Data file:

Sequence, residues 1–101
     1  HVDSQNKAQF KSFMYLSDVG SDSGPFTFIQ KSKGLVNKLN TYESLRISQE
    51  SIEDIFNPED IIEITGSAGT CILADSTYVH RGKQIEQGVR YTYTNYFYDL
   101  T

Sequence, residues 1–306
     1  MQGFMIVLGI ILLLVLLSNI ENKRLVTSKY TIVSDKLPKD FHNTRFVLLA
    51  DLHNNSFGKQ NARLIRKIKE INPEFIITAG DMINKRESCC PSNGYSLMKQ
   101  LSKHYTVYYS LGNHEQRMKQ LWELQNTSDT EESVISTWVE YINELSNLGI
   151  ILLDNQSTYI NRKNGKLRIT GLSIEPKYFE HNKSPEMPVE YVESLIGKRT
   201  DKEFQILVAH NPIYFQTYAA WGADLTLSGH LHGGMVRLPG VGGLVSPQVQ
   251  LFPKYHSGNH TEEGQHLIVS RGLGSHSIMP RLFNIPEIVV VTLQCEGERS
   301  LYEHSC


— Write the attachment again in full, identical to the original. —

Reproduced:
Sequence, residues 1–101
     1  HVDSQNKAQF KSFMYLSDVG SDSGPFTFIQ KSKGLVNKLN TYESLRISQE
    51  SIEDIFNPED IIEITGSAGT CILADSTYVH RGKQIEQGVR YTYTNYFYDL
   101  T

Sequence, residues 1–306
     1  MQGFMIVLGI ILLLVLLSNI ENKRLVTSKY TIVSDKLPKD FHNTRFVLLA
    51  DLHNNSFGKQ NARLIRKIKE INPEFIITAG DMINKRESCC PSNGYSLMKQ
   101  LSKHYTVYYS LGNHEQRMKQ LWELQNTSDT EESVISTWVE YINELSNLGI
   151  ILLDNQSTYI NRKNGKLRIT GLSIEPKYFE HNKSPEMPVE YVESLIGKRT
   201  DKEFQILVAH NPIYFQTYAA WGADLTLSGH LHGGMVRLPG VGGLVSPQVQ
   251  LFPKYHSGNH TEEGQHLIVS RGLGSHSIMP RLFNIPEIVV VTLQCEGERS
   301  LYEHSC